324 F.2d 726
Chesley W. RANDALL, Appellant,
UNITED STATES of America, Appellee.
United States Court of Appeals Tenth Circuit.
Nov. 19, 1963.
Erwin A. Cook, Oklahoma City, Okl., for appellant.
Robert M. Green, Asst. U.S. Atty., (Newell A. George, U.S. Atty., District of Kansas, was with him on the brief), for appellee.
Before PICKETT, LEWIS, and BREITENSTEIN, Circuit Judges.
For the second time the appellant is before this court seeking relief from a sentence imposed on a plea of guilty to a violation of 18 U.S.C. 2113. In his first application under 28 U.S.C. 2255 we held among other things that his guilty plea was made voluntarily and understandingly. Randall v. United States, 10 Cir., 314 F.2d 800, 801. In his second application he alleges that he was unconstitutionally denied equal protection because a codefendant received a 10-year sentence for the same offense and he, the appellant, received a 15-year sentence. The trial court appointed an attorney, held a hearing without the presence of the appellant, and denied relief after giving an explanation of the reasons for the disparity.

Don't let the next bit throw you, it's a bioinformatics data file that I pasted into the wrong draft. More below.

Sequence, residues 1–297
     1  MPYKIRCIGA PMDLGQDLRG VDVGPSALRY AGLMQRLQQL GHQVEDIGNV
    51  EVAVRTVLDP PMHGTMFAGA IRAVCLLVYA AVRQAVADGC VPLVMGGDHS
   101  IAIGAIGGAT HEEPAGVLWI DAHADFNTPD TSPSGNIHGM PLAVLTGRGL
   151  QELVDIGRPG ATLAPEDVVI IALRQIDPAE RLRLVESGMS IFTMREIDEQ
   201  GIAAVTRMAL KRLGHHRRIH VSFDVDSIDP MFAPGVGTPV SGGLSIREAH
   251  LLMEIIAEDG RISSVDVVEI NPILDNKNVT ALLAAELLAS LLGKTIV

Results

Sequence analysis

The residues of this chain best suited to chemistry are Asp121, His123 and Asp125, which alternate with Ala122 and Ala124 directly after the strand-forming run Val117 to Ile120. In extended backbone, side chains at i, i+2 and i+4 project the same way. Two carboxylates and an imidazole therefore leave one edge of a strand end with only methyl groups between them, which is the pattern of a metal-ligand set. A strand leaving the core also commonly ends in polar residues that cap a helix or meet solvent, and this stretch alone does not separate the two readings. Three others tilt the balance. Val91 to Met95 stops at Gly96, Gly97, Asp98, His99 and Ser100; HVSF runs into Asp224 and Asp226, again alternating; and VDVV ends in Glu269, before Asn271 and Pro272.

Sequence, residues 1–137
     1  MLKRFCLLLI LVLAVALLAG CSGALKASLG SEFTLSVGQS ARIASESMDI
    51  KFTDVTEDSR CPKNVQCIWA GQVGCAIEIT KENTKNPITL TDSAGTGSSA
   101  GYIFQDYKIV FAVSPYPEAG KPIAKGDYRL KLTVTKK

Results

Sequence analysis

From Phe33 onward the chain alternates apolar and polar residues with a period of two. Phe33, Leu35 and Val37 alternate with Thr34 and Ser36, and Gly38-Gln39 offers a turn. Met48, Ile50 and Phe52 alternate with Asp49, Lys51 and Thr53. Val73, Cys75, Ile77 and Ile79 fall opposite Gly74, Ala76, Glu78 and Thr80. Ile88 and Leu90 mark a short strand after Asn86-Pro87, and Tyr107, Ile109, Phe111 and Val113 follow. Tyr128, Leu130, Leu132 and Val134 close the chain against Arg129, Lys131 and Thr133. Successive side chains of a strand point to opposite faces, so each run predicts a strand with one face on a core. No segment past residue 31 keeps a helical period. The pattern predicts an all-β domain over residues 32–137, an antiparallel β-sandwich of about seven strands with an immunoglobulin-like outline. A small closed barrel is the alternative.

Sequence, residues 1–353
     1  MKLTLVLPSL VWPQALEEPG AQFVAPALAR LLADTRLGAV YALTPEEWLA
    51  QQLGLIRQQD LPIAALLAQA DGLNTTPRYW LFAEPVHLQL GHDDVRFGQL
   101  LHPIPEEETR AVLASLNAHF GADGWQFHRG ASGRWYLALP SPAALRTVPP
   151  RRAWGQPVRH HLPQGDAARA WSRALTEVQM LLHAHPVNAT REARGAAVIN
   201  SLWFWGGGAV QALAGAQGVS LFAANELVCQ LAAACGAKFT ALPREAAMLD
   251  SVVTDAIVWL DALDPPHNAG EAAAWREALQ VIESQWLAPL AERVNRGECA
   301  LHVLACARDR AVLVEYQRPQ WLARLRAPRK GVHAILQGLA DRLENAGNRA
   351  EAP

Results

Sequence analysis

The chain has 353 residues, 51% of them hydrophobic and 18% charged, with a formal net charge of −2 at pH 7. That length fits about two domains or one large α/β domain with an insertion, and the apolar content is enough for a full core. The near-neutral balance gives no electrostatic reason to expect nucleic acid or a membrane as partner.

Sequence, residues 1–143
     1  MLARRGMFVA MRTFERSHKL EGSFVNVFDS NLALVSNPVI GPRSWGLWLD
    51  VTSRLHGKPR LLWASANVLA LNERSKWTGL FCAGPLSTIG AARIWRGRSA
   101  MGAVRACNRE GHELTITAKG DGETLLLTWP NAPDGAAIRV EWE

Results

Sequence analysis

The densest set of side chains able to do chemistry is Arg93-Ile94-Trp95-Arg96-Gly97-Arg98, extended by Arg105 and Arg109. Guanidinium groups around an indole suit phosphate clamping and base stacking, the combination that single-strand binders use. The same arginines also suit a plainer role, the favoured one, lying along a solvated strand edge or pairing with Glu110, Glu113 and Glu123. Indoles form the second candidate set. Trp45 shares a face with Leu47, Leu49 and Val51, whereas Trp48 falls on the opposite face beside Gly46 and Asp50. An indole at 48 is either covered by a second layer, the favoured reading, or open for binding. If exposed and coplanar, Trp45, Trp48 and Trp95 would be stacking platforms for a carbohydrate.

The sentence was within the statutory limits and is not subject to attack under 2255 on the ground of severity. Jones v. United States, 10 Cir.,323 F.2d 864. Whatever criticism may be made of disparate sentences, the fact remains that circumstances affecting one defendant often justify a different sentence than that imposed on a codefendant. The trial court stated the circumstances which reasonably led it to pronounce different sentences in the situation now under consideration. This is not a case like United States v. Wiley, 7 Cir., 278 F.2d 500, 504, where a more severe sentence was imposed because a defendant elected to stand trial.
The claim that a reversal is necessary because the appellant was not present at the hearing has no merit. On his previous application under 2255 appellant was present at the hearing which resulted in a holding, affirmed by this court in Randall v. United States, supra, that the plea was made voluntarily and knowingly. The application now before us raised no factual question justifying the presence of the petitioner.